I will try to figure out how to handle the REALLY simple sections.  Some pieces only had a little line down one side or a small shape in the corner.  One of my students with SUPER low motivation chose a section that was almost empty so when he finished that, I had him take over another section for a student who had to leave early.  And for once, he actually did the work!  (And with little more than a half-hearted protest!)  I was so happy!

I will have the students fold their paper "hotdog" and then "hamburger" style to make a simple grid with the creases instead of measuring.  I had the 4th grade classes use rulers to make their grids and you'd think they've never used one before!  I have vented about ruler issues before and had lots of the same problems again. I showed the students how to find the middle.  I told them that the paper was 9x12 inches.  This is what followed with the first 4th grade class.
Me: What is 9 divided by 2?
Students: 18!
Me: No, that's 9 times 2.  What is half of 9?
Students: 3!  No, 2!
I decide to draw it on the board and show the students that 9 divided by 2 is 4 and a half.  I asked them what half of 12 was and thankfully they figured that one out a little quicker.  I marked the measurements on both sides and connected them with the ruler.  Simple, right?  Haha, that's what I thought.  Several used the wrong measurement, one even blamed it on me, several used the right measurement but just marked it once in the middle of the paper so it wasn't straight, several even measured correctly but tried to draw the grid lines free hand instead of with the straight edge of the ruler.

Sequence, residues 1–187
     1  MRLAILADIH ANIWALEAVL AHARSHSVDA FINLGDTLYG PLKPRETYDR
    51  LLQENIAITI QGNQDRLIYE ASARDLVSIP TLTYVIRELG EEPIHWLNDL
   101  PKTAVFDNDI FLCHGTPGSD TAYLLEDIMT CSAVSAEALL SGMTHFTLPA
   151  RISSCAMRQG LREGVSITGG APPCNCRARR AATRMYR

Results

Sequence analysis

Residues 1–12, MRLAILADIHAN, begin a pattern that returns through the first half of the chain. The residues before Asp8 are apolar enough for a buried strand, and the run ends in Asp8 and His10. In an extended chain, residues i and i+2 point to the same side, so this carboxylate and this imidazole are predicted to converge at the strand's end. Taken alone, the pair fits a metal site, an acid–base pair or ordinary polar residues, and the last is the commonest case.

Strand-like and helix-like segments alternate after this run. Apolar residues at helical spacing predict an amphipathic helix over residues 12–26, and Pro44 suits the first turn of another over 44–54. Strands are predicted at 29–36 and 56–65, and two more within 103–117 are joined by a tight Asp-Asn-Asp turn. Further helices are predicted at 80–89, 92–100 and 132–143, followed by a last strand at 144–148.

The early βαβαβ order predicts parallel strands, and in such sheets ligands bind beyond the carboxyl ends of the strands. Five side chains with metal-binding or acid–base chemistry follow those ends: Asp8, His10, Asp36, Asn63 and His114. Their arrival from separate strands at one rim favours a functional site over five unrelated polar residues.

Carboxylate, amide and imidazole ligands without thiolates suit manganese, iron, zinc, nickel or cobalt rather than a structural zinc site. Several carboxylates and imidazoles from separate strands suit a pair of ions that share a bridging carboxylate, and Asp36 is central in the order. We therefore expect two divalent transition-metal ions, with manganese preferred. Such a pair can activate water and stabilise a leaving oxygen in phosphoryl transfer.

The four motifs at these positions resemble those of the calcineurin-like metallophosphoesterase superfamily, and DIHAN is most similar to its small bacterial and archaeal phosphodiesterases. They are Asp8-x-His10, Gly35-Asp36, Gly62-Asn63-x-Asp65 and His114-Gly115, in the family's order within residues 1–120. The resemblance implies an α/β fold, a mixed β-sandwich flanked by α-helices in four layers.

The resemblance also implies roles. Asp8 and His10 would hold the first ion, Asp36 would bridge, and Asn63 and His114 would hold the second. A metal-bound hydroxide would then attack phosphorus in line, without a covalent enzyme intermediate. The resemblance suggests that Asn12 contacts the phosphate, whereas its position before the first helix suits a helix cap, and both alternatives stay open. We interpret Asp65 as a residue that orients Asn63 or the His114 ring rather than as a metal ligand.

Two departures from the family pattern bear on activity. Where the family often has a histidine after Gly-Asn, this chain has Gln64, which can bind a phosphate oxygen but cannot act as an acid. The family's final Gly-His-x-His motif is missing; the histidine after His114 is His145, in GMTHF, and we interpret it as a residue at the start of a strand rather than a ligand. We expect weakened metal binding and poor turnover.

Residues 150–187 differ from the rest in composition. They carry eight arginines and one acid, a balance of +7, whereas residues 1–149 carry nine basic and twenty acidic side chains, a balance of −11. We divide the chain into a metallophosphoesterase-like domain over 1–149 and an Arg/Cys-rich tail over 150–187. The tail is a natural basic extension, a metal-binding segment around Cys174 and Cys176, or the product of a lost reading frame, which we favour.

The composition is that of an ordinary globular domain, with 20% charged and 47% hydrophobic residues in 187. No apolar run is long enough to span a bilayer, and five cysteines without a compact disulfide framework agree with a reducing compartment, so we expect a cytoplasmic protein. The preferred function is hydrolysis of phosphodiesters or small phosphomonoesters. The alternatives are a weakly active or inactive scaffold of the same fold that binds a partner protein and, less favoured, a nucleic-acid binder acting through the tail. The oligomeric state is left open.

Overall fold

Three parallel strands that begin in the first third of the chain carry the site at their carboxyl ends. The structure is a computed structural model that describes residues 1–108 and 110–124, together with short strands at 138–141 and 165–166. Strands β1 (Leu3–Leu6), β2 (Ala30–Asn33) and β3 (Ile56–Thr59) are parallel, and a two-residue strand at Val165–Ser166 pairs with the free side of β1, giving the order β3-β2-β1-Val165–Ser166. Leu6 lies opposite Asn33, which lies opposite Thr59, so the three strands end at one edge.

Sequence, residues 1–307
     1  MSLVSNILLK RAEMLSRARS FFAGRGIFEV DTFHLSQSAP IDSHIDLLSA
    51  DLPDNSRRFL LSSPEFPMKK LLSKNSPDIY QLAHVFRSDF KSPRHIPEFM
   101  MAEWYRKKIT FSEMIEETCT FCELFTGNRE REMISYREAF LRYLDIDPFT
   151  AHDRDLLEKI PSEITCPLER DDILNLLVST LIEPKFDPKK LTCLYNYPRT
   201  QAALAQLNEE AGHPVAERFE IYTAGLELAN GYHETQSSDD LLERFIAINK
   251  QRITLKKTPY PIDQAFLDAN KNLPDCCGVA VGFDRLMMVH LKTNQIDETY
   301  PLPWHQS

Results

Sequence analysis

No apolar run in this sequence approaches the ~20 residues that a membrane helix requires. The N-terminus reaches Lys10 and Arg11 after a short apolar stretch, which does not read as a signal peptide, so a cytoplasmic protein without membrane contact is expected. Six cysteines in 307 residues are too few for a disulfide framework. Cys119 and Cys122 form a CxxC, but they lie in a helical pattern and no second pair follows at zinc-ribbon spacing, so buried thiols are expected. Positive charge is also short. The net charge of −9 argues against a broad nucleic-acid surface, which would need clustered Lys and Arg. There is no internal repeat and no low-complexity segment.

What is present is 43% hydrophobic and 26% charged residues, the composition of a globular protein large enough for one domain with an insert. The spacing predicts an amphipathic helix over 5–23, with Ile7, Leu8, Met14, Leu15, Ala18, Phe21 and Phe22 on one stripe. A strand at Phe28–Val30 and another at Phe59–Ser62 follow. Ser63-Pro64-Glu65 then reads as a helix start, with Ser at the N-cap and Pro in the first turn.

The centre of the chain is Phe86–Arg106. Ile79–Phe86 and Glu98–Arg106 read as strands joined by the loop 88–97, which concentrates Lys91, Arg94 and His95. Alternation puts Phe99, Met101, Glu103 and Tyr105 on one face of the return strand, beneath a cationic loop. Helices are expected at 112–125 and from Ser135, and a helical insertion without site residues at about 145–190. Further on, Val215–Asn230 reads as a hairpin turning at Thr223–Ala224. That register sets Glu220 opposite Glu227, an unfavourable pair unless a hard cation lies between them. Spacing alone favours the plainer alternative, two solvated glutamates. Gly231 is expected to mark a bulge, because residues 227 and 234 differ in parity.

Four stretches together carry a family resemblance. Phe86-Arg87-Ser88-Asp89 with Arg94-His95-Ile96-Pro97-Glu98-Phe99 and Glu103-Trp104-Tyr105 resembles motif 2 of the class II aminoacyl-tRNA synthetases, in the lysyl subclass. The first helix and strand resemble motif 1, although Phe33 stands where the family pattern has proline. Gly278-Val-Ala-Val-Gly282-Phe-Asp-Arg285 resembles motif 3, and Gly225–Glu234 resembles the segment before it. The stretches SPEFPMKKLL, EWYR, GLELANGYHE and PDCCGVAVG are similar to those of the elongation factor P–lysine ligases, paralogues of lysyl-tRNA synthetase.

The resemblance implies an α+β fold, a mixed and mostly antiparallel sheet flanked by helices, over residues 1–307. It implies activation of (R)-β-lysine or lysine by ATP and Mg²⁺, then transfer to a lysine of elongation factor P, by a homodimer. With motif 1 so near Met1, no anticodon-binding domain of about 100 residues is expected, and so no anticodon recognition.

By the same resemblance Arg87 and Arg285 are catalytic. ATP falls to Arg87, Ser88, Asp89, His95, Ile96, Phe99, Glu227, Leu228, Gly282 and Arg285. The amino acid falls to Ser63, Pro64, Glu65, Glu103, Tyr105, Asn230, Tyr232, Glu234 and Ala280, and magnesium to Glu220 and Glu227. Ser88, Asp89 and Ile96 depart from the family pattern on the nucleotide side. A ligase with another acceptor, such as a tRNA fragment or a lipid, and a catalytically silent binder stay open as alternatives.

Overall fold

I feel a little like a quitter to give up on using rulers (I mean it's a simple but important skill the students should know) but I don't feel like I get enough class time with them to spend as much time as it would take for them to get it...

Another issue was students turning one of their pieces (either the small section or their drawing paper) horizontal and the other vertical which of course doesn't match up.  I don't think a lot of them had the visual-spatial skills yet to take on the more complicated sections.